This has been the case in three differing contexts:
- Applications to the court by a non-party (A) for sight of documents from an arbitration between B and C: see, for example, Dolling-Baker v Merrett, London and Leeds Estates Ltd v Paribas Ltd No (2), and Glidepath BV v Thompson.
- Applications to the court or to an arbitral tribunal by party A as against party B for permission to use in arbitration or court proceedings (between A and C) documents from the arbitration between A and B: see, for example, Ali Shipping v Shipyard Trogir and Emmott v Michael Wilson & Partners Limited.
- Publication and anonymisation of documents and determinations in arbitral applications before the courts (for example, challenges under sections 24, 68 and 69 of the Arbitration Act 1996 (AA 1996)): see, for example, City of Moscow v Bankers Trust Co and Symbion Power LLC v Venco Imtiaz Construction Company.
Two very recent decisions (The Chartered Institute of Arbitrators v B and others and Cape Intermediate Holdings Ltd v Dring, which focus, directly and indirectly, upon the first and third contexts above) illustrate that the requirement of confidentiality in arbitration may be diluted (or third party access to court documents may be permitted) where that is justified by considerations as to the “interests of justice”.
First, in The Chartered Institute of Arbitrators v B and others, the Chartered Institute of Arbitrators (CIArb) appointed an arbitrator in a dispute between A and B at the request of A. B made an application under section 24(1)(a) of the AA 1996 for the removal of the arbitrator on grounds of bias. That was granted. Independently, the CIArb had commenced disciplinary action against the same arbitrator further to a complaint from a third party (also alleging bias and improper conduct).
In order to facilitate its disciplinary proceedings, the CIArb made two applications to the court under the CPR: for copies of documents relating to the section 24 application by B (that is, statements of case, witness statements, written submissions and skeleton arguments), and for permission to rely on the same.
The court (per Moulder J) granted the applications.
As to access, Moulder J observed that non-parties have an express right to sight of statements of case and any judgment or order made in public in court proceedings (per CPR 5.4C(1)), whereas non-party access to other documents can only be permitted under the court’s discretion, and only where such documents are considered to be on the court record.
In the latter regard, the court determined that it must strike a balance between preserving confidentiality and the interests of open justice, whether there is a legitimate interest on the part of the party seeking the documents, the reasons for seeking to preserve confidentiality, and any harm that might be caused by non-party access. Given that the disciplinary process against the arbitrator would be barred unless the documents were made available to the CIArb, access to the documents was therefore necessary in the interests of justice. As to the approach under CPR 5.4C, the court relied upon Cape Intermediate Holdings Ltd v Dring; as to the wider question of overriding arbitral confidentiality, the court relied upon Ali Shipping, Glidepath, Emmott, and City of Moscow.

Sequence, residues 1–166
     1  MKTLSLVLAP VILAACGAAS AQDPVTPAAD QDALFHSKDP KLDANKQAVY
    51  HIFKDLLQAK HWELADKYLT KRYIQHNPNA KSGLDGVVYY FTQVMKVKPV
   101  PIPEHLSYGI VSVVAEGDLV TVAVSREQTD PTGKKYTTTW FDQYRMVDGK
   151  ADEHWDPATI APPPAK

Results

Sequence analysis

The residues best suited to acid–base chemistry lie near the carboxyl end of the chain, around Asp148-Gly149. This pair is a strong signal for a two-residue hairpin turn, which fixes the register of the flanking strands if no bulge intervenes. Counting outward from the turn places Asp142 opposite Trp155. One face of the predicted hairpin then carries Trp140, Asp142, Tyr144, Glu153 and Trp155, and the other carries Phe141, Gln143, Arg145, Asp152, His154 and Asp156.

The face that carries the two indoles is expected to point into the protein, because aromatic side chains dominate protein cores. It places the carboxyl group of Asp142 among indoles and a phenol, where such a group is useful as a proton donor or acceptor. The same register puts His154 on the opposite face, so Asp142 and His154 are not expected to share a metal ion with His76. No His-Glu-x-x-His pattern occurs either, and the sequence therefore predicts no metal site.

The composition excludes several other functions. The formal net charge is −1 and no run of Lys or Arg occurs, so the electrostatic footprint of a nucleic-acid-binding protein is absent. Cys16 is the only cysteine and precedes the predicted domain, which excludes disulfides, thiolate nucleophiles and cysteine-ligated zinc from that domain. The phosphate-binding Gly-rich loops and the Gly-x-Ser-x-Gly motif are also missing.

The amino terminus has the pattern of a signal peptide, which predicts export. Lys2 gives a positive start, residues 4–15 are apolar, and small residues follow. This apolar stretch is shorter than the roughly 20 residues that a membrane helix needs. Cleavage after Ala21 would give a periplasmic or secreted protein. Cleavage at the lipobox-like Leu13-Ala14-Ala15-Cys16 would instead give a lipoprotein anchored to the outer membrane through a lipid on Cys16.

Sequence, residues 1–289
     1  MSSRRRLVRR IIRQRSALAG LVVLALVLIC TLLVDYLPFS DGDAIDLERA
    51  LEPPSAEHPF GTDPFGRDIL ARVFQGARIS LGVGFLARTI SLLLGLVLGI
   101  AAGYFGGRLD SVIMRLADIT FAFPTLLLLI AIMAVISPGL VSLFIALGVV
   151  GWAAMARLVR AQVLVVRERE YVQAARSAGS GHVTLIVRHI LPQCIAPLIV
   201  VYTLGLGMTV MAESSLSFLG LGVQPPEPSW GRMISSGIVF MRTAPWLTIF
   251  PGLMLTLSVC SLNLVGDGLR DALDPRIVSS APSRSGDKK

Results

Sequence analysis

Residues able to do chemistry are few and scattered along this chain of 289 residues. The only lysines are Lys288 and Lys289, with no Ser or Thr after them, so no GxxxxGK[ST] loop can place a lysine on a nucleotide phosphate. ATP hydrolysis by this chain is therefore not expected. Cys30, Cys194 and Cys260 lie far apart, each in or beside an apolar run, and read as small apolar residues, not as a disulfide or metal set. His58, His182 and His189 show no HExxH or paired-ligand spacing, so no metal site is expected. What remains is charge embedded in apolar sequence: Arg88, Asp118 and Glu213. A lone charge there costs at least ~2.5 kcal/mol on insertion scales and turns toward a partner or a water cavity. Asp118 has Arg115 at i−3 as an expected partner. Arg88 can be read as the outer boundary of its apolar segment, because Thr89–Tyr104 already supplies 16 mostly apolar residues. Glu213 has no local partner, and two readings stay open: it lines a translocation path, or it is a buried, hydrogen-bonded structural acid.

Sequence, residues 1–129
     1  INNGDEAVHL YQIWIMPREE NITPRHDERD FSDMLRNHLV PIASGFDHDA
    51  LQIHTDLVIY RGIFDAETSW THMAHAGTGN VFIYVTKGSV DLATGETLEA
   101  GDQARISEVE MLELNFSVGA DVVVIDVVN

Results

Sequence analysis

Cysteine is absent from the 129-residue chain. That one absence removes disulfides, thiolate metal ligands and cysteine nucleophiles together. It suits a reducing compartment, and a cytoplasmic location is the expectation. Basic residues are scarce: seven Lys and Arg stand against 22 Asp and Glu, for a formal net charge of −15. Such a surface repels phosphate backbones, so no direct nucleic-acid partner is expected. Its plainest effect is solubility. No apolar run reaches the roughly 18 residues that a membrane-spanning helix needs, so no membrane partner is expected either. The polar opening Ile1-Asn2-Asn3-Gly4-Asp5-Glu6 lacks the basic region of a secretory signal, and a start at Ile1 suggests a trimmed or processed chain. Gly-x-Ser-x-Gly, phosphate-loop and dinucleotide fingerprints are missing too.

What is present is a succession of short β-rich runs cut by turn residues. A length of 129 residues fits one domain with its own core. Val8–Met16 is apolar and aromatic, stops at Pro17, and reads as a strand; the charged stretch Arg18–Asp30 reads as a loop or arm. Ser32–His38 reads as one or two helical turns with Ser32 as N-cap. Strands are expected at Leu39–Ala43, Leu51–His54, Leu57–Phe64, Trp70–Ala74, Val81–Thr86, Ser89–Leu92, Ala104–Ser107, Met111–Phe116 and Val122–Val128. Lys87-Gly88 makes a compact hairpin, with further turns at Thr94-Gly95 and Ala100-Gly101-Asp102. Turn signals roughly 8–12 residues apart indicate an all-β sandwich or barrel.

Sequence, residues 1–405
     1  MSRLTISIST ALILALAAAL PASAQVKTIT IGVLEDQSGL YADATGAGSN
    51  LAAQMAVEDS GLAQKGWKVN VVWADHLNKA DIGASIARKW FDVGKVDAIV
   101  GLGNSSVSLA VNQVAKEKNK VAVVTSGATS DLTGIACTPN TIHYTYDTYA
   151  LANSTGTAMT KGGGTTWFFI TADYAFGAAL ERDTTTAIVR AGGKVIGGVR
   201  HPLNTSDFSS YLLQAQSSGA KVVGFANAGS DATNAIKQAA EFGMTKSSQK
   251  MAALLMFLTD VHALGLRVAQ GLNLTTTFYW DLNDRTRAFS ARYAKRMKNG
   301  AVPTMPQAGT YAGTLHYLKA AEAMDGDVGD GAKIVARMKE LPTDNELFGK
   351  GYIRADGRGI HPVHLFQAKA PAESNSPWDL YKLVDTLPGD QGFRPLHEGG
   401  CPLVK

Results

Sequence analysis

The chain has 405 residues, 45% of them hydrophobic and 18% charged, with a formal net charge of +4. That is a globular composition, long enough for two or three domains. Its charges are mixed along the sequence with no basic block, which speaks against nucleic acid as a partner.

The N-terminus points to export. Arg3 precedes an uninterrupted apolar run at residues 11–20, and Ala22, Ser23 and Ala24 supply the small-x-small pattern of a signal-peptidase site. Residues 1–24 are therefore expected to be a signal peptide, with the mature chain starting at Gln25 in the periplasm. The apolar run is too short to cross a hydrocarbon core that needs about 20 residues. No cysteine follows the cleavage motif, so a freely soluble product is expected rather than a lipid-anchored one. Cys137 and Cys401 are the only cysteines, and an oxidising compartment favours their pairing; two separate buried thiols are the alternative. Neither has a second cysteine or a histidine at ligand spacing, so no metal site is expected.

As regards reliance on the documents, the court granted declaratory relief under CPR 3.10 on the basis that this furthered the overriding objective in the CPR (applying Rolls-Royce Plc v Unite the Union and LD Commodities Rice Merchandising LLC and another v The owners/charterers of the vessel Styliani Z).
Second, in Cape Intermediate Holdings Ltd v Dring, the Supreme Court confirmed the approach of the Court of Appeal to access to documents under CPR 5.4C (which was the approach adopted by Moulder J in the CIArb case above) and further emphasised the breadth of the courts’ inherent discretion as to access.
In this regard, the court observed that, for the purposes of CPR 5.4C, “records of the court” connotes only documents and records that the court holds for its own purposes. It does not indicate every single document generated in connection with a case and filed, lodged or kept at court.
However, Lady Hale went on to emphasise that (beyond CPR 5.4C, and pursuant to the principle of open justice), unless inconsistent with statute or rules of court, all courts and tribunals exercising the judicial power of the state have an inherent jurisdiction to determine what open justice requires in terms of access to documents or other information. In principle, the public should be allowed access not only to written submissions and arguments, but also to documents placed before the court and referred to during the hearing. This should not be limited to those which the judge has been asked to read or has said he or she has read. However, an application for access requires the kind of balancing undertaken in the CIArb case.
Thus, the Supreme Court (in a case which was not concerned specifically with arbitration) expanded the scope for overriding the confidentiality of arbitral documents which derive from court proceedings (by indicating that it may be possible for a third party to obtain sight of and to rely upon documents which are beyond those which are “records of the court” for the purposes of the CPR).
Accordingly, these recent decisions continue the trend under English law to acknowledge that arbitral confidentiality is not an absolute bar to disclosure of or access to arbitral documentation. Moreover, they emphasise that third party access to documents generated in arbitral applications before the courts remains possible, despite confidentiality, where an appropriate and sufficient interest can be made out; and such access is not limited by the wording of the CPR.